London: British Library, 448 pp., $65.00 (distributed by the University of Chicago Press)
A reader climbing the great staircase of the British Library’s modern premises near St. Pancras Station in London is confronted suddenly by that wonderful building’s most wonderful feature. Behind the glass walls of an internal tower six stories high, more than 60,000 sumptuously bound books stretch upward, shelf upon shelf, a cliff-face of leather and gilt lettering gleaming softly through the tinted glass. In that architectural coup de théâtre, a world of learning serves as the visible core of a building created to contain all the learning of the world.
In its day that display, the so-called King’s Collection, made up one of the greatest of Enlightenment libraries, assembled over a lifetime of dedicated book-buying by the bookish King George III. It rests now at St. Pancras because within ten years of the old king’s death in 1820, his books were presented to the nation by his son, King George IV. “Prinny,” as his subjects liked to call him (half affectionately, half contemptuously), was a lavish patron of the visual arts, but not much of a reader. More to the point, perhaps, he was eager to clear the site of the run-down royal residence at the western end of the London Mall where his father’s library was stored, in order to build Buckingham Palace, a lavish setting for his own overblown notions of royal grandeur.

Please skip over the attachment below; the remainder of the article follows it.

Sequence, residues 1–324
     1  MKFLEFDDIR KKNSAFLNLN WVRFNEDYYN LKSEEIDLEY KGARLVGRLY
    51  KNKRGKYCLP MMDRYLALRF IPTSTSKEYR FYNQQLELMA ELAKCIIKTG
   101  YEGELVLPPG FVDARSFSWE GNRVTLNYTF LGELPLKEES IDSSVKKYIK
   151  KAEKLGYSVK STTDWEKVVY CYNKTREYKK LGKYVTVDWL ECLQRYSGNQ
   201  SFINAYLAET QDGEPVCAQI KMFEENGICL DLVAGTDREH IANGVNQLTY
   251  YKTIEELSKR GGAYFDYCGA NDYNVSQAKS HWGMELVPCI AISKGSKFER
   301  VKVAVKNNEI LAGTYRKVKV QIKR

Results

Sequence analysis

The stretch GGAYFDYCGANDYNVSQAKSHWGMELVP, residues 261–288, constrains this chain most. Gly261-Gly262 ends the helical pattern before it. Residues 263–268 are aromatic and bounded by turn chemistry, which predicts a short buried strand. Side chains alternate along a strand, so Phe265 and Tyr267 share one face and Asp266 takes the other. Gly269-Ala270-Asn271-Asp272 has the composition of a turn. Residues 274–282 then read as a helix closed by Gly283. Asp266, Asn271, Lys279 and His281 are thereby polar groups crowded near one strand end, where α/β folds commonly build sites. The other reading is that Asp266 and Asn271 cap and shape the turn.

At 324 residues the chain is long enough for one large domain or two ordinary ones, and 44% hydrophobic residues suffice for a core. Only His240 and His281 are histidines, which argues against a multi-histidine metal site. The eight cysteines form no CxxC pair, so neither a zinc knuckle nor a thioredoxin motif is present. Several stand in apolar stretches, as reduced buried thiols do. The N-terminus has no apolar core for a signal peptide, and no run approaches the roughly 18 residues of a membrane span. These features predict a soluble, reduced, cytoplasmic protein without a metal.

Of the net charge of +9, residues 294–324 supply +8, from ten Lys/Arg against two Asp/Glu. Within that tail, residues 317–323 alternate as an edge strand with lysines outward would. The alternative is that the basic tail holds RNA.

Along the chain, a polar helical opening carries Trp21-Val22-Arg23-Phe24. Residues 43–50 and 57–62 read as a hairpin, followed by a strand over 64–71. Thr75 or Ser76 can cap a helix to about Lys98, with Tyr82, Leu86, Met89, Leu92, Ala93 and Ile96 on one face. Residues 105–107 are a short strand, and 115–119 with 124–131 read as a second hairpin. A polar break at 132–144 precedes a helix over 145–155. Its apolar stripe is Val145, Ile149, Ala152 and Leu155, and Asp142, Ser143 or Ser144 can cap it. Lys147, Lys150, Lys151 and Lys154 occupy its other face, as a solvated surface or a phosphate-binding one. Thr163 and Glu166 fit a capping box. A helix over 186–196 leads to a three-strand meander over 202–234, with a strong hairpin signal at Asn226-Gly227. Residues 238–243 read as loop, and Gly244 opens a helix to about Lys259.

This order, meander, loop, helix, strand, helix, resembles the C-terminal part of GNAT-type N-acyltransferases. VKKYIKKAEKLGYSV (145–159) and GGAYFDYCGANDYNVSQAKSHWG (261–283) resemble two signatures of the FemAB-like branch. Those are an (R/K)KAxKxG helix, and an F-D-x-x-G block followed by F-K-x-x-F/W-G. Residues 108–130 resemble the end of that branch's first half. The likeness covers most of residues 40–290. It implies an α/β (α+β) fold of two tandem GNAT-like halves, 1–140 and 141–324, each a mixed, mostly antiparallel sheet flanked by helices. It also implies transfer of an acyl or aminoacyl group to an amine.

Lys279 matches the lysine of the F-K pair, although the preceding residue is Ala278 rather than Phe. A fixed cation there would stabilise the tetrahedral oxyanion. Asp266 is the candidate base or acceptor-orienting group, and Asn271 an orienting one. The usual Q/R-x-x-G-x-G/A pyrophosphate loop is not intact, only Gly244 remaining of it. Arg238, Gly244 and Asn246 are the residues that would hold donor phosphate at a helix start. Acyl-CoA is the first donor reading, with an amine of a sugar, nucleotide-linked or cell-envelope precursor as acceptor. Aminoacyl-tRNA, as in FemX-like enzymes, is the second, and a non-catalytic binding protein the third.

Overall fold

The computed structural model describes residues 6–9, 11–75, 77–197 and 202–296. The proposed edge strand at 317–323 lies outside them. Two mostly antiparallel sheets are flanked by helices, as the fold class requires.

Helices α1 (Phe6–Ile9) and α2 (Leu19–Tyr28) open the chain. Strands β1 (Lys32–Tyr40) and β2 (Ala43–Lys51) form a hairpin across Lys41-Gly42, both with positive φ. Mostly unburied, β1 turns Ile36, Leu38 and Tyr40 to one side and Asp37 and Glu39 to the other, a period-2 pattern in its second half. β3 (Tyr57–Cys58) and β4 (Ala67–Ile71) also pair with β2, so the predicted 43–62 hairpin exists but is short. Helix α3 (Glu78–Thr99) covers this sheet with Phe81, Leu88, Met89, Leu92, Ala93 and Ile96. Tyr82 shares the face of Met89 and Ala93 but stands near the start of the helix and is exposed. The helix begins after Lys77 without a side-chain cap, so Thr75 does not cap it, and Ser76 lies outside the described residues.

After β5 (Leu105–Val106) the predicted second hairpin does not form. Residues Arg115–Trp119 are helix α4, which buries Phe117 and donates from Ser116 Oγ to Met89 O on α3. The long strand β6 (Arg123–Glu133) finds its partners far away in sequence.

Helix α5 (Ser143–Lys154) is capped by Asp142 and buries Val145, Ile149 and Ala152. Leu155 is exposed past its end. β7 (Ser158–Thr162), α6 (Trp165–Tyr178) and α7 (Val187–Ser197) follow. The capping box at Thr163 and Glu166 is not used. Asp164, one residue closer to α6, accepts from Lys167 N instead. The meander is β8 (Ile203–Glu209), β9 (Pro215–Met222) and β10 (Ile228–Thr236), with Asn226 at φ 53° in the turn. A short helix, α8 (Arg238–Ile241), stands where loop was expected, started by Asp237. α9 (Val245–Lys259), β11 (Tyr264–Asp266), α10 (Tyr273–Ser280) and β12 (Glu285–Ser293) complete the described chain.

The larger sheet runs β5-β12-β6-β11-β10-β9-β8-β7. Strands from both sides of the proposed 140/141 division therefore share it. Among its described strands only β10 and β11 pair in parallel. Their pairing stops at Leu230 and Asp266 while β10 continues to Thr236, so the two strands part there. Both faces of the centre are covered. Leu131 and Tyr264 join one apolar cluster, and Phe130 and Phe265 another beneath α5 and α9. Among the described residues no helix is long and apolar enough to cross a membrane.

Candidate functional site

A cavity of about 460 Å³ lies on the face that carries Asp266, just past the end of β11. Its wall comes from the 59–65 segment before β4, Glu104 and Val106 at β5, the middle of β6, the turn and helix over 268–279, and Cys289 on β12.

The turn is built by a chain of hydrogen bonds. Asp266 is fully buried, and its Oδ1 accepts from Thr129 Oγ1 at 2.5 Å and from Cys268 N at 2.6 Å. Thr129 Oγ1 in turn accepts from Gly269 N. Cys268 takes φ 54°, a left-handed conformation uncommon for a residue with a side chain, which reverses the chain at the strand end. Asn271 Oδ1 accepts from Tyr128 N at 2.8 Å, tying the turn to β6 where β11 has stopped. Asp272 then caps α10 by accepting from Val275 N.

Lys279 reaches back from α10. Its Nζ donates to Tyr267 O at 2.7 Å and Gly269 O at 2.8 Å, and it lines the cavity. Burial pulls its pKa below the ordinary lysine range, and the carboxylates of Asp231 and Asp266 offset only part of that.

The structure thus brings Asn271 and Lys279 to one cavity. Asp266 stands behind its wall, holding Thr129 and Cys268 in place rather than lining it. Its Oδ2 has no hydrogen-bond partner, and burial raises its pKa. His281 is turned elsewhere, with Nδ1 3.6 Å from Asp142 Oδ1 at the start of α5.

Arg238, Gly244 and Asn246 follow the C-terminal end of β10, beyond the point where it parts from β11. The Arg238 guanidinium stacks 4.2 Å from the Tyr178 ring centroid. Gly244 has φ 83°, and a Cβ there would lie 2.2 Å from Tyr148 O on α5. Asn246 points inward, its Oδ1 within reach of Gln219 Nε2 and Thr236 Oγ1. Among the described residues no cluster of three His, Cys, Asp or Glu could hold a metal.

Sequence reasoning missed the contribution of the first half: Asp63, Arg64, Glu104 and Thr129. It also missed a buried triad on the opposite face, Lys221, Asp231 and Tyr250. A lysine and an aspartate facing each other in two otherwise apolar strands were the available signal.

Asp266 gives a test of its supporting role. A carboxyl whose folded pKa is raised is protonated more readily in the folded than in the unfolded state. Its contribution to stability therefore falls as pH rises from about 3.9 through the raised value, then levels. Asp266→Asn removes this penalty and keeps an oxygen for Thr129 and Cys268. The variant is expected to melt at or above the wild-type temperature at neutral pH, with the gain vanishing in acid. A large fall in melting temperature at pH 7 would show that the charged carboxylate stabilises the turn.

George III had created a great library for himself in part because the monarchy he inherited in 1760 from his grandfather had disposed of all its books just three years earlier. The Old Royal Library had been a magnificent collection of more than two thousand medieval manuscripts and nine thousand printed books. Begun in the 1470s by King Edward IV, though incorporating many older books, it had been expanded over the centuries, not least by an influx of loot from the monastic libraries dissolved during the English Reformation. But the entire collection was signed away to the nation in 1757 by King George II.
His motives are far from clear, but he almost certainly felt no pang at the parting, for he cared nothing about books. “Rex illiteratus est quasi asinus coronatus,” declared the twelfth-century scholar John of Salisbury: “A king without learning is like a donkey with a crown.” If so, George II was to father a long line of donkeys, for, his grandson George III apart, the monarchs of the House of Hanover were more noted for their devotion to horses and the hunting field than to the pursuit or patronage of libraries. Alan Bennett playfully exploited the persisting reputation of royal philistinism in the House of Windsor in his 2007 comic novella The Uncommon Reader. In it, Queen Elizabeth II happens upon a van containing a circulating library, intended for the use of the palace servants, and discovers in herself a compulsive love…
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